Priorities on the final day of the winter meetings are as follows: Getting to the airport to catch a flight as soon as the Rule 5 draft ends, or even better, getting to the airport to an earlier flight.
General manger Jon Daniels was on well on his way by 9:30 a.m. Thursday.
On the surface, he and the Texas Rangers’ contingent left the Death Star-size Gaylord Opryland Resort and Convention Center having accomplished very little.
They are in agreement with right-hander Tony Barnette, who has been a star closer in Japan the past two years; they have closed in on a right-handed hitter; they signed nontendered outfielder James Jones to a minor league deal with an invite to spring training; and they and the Chicago White Sox swapped pitchers stuck in minor league purgatory.
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Seems like a waste of time and room-service charges, at least against the hype of the meetings and the flurry of moves made by some clubs.
We’re going to explore a variety of things, but at the end of the day we’re content being boring this year. I don’t feel like we need to reinvent the wheel.
Rangers general manager Jon Daniels
Not so, said Daniels, who headed home again confident that the groundwork for deals is in place and additions are in the Rangers’ future.
“There are some things that are in front of us we need to decide if we want to do and vice versa,” Daniels said. “There’s nothing really out of the realm of what we’ve been talking about.
“I don’t view the winter meetings as the end-all, be-all of putting your club together. If you come here with expectations you’ve got to put a team together at a four-day industry convention, it’s probably not a good recipe for success.”
The Rangers secured Barnette on a two-year deal with a club option, according to a source. Daniels would say only that the Rangers “have interest” in the star closer in Japan, who was originally drafted by the Arizona Diamondbacks in 2006.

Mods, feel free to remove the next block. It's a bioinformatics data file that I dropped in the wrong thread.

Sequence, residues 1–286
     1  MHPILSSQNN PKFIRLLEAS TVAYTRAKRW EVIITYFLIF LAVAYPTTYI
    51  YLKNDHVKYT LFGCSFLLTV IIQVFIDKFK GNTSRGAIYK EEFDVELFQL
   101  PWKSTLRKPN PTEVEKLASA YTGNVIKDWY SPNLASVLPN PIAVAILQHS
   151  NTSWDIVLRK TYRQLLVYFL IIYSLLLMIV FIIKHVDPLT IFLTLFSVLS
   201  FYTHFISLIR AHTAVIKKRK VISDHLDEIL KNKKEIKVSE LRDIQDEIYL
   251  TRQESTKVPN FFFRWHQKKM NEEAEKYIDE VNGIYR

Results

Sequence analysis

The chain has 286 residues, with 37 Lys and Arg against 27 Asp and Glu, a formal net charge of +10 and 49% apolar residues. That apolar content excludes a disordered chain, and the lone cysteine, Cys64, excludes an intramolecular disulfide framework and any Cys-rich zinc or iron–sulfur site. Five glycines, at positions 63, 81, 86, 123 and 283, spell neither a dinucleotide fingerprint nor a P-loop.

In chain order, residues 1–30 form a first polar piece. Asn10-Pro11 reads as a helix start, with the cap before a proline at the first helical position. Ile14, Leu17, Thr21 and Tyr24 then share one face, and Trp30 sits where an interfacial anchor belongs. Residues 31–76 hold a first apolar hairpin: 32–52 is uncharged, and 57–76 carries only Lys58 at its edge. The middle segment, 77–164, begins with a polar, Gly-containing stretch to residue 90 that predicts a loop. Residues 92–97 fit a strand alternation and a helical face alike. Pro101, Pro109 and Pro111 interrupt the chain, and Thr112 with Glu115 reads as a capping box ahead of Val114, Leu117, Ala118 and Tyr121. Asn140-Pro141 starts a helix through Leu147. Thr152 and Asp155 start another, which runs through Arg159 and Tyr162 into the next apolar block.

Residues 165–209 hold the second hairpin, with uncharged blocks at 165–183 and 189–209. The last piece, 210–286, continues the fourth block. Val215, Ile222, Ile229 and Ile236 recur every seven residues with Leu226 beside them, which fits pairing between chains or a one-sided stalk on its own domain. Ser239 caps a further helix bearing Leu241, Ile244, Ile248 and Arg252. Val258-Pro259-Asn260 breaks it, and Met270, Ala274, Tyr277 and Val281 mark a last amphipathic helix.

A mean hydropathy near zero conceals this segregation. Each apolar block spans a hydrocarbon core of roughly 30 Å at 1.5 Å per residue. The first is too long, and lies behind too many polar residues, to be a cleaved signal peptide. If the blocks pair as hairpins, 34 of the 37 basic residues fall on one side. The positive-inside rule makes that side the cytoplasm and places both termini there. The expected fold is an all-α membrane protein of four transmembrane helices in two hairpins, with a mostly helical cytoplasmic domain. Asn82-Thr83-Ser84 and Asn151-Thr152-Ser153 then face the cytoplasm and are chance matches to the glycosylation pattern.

Barnette, 32, doesn’t light up radar guns, topping out in the low-90s, but he throws a sinker and a cutter in addition to two breaking pitches and a changeup. That repertoire produced 41 saves and a 1.29 ERA in 2015 for the Yakult Swallows.
His addition could lead to a bigger move as the Rangers continue to look for starting pitching and catching help. Potential trade partners covet the Rangers’ bullpen pieces, and the impact of trading one away would be softened with Barnette in the fold.
1 Home run allowed last season in Japan, over 62 2/3 innings, by right-hander Tony Barnette, who has agreed to a two-year deal with a club option with the Rangers
Arizona has a surplus of young, controllable starting pitchers after they splurged on Zack Greinke and Shelby Miller, and need bullpen pieces to protect the leads they expect to have with those right-handers on the mound.
Colby Lewis continues to be one of the few free-agent starters the Rangers have targeted. If Lewis and the Rangers reach an impasse, Daniels expects that the Rangers will trade for rotation help.
“While we look to add a starter, we’re going to look at bullpen options,” Daniels said. “It gives us flexibility both ways, with the club and the depth but also trade interest we’ve had, we don’t want to take back in that area.”
Daniels expects a right-handed hitter to be added on a big-league deal before Christmas. The Rangers want a corner outfielder/corner infielder who could work in a platoon with Josh Hamilton in left field and Mitch Moreland at first base.
The Rangers traded left-handed reliever Will Lamb, who finished 2015 at Triple A, to the Chicago White Sox for right-hander Myles Jaye, a right-handed starter who finished last season at Double A.
That bat likely isn’t Mike Napoli, Daniels said, barring a trade of Moreland. That’s something the Rangers haven’t been inclined to do.
But that they listened to Pittsburgh on Moreland is a sign that Daniels and crew weren’t just twiddling their thumbs. The week wasn’t a waste for the Rangers despite the lack of big headlines pouring out of their war room.
“We’ve said all along that we like the core of the team,” Daniels said. “We’re going to explore a variety of things, but at the end of the day we’re content being boring this year. I don’t feel like we need to reinvent the wheel.”